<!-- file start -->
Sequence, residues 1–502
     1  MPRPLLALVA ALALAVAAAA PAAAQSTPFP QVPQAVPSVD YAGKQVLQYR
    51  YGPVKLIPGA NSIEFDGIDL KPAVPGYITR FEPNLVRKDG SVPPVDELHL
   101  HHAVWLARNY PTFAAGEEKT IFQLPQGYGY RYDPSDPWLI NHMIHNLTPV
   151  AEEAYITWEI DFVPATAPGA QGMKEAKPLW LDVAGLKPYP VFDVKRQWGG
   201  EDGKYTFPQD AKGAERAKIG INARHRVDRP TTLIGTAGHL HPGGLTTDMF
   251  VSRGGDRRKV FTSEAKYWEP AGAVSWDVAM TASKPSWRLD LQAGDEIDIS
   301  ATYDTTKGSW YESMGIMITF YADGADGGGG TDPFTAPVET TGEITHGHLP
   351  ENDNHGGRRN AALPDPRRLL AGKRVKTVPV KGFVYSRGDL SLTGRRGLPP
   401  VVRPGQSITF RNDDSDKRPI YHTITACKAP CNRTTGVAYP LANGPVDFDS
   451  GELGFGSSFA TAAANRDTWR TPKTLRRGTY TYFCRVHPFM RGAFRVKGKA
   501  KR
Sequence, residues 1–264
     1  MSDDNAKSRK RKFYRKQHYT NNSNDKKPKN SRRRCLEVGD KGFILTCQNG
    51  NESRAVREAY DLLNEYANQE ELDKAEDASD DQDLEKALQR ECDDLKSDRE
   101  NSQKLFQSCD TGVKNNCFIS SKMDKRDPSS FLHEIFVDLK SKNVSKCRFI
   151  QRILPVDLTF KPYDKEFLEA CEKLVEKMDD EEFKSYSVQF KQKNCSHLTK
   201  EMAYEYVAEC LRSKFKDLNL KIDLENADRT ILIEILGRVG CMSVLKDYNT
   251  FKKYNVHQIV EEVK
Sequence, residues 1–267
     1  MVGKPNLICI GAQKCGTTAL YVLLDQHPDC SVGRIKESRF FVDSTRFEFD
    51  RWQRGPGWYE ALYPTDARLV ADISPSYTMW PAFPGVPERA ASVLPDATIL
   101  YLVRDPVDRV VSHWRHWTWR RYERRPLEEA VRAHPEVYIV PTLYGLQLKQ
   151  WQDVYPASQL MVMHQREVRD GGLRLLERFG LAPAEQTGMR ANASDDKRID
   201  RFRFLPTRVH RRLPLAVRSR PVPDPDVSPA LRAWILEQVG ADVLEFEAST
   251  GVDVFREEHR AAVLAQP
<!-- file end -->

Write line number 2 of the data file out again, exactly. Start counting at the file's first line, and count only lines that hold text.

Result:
     1  MPRPLLALVA ALALAVAAAA PAAAQSTPFP QVPQAVPSVD YAGKQVLQYR